Every year when I'm in Colorado, I have to remind myself: It's like this because you're on vacation.
It wouldn't be like this every day if you lived here, I tell myself. You wouldn't spend hours sitting on the patio admiring the flower beds that the condo's groundskeeper plants and tends, and you wouldn't spend hours more hiking or biking or walking along the walking trails. You're doing that because you're on vacation. If you lived here, you'd do laundry and shop for groceries and plan meals and return emails and go to the dry cleaner (where is the dry cleaner in this town, anyway? I don't think I know. In 40 years of vacationing here, I've never taken anything to be dry-cleaned. That's because I don't wear anything when I'm here that requires dry-cleaning). You'd undergo dental procedures and host family events and volunteer to be a room parent in the kids' classrooms.
The fact that I do none of that in Colorado is, of course, what makes it vacation. Which is why it's so hard to leave once our two-week stay is up.
But this time, before leaving, I resolved to take a little bit of vacation home with me. Not just a sprig of fragrant sagebrush from the side of the jogging path, or a t-shirt with a witty message about life in the mountains, or the less welcome pile of credit card receipts from our various dinners out, since a big part of us being on vacation is me declaring a sabbatical from my usual daily meal-planning responsibilities.
This time, I'm taking vacation mindset home with me.
In part, this is due to the calendar dates. We often travel toward the end of the summer. By the time we get home most years, the date on the calendar dictates that it's time for me to start thinking about school supply lists and room parent responsibilites for the upcoming year. And in general, I like finishing our summer travels and knowing it's time to get back to real life with the looming approach of my favorite season, fall.
This year, circumstances were such that we vacationed at the beginning of the summer, less than a week after school ended for the kids. It felt wonderful to wrap up my graduation-planning responsibilities, wash out the kids' lunchboxes for the last time, and start packing.....but it also meant that we returned with the whole rest of the summer looming before us, and no more travel plans at all.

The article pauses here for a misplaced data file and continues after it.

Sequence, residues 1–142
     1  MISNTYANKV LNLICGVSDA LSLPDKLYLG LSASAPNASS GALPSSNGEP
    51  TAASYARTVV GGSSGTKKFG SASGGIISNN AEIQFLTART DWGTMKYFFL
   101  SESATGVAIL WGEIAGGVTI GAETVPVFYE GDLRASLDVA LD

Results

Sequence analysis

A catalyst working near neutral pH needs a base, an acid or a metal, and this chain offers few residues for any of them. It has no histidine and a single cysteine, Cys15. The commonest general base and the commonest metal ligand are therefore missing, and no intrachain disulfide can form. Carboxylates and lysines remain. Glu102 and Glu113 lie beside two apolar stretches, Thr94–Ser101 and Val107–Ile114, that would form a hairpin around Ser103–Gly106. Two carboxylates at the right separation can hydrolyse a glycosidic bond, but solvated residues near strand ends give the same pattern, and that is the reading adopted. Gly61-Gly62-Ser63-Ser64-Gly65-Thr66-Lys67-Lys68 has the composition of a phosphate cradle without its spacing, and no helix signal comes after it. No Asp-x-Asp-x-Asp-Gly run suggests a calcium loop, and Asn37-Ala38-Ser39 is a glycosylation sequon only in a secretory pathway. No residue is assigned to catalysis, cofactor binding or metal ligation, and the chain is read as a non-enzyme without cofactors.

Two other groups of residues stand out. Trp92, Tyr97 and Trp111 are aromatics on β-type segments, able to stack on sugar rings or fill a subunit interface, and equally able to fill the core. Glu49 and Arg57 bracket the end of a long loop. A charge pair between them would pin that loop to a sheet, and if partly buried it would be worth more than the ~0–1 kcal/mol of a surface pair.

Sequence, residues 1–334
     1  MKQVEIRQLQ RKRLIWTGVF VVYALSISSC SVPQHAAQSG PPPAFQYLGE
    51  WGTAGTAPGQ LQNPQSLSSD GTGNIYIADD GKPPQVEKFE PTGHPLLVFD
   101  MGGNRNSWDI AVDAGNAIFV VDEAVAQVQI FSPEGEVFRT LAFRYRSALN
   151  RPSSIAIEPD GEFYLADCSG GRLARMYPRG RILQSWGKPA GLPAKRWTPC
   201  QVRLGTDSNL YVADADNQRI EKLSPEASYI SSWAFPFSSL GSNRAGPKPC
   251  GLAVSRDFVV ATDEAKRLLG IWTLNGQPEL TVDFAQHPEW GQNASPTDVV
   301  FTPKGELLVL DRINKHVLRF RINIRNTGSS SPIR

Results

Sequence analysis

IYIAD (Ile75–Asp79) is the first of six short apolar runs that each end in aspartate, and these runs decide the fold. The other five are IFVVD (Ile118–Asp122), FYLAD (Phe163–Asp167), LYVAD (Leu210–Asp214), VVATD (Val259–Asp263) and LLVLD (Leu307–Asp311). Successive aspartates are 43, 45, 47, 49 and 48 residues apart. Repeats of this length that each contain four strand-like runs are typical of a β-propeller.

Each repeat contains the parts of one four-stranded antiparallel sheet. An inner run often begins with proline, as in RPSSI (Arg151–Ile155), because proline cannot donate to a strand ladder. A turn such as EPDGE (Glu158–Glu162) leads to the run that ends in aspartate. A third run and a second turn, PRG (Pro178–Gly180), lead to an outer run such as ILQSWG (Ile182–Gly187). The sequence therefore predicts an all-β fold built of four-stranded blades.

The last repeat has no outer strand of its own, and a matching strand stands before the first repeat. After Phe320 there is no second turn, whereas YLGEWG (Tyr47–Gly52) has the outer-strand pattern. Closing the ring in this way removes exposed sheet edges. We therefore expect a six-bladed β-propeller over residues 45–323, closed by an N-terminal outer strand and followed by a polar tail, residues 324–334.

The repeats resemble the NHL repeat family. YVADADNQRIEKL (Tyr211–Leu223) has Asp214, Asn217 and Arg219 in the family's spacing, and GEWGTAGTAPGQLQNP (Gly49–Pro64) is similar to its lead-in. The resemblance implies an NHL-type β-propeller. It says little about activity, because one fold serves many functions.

Which is what motivated me to be proactive about continuing to make it a vacation. I thought about all that I liked best about being in Colorado for the past two weeks. The family time. The abundant time outdoors. The fact that I was more lenient with my diet and never stepped on the scale. Getting to sleep beyond my usual weekday 5:10 a.m. alarm. Devoting much more time to reading than I normally do.
I can do that, I told myself. Those are all things I can take home with me, just as easily as sagebrush or t-shirts.
So now I'm home but determined to keep making summer a vacation. Yes, I'm back at work, with piles of deadlines looming, interviews to conduct, research to implement. But it's also mid-July. So I'm being lenient with my diet. And taking walks after dinner. And reading novels instead of the New York Times. And reverting to last summer's standard of cutting back to one blog entry a week instead of my usual two.
It was a great trip, but there are still nearly two months left before the kids go back to school, and I'm determined to make the most of it. We may be far from the Rockies, but we're in New England, with beaches to visit, ponds to swim in, and smaller mountains to climb. I'll work around my deadlines and refuse to lose sight of the fact that summer continues even if I have no more airline tickets to redeem.
And I'll even avoid wearing clothes that need to be dry-cleaned. Because if I've gone forty years without needing a dry cleaner in Aspen, I can surely go seven more weeks without one at home.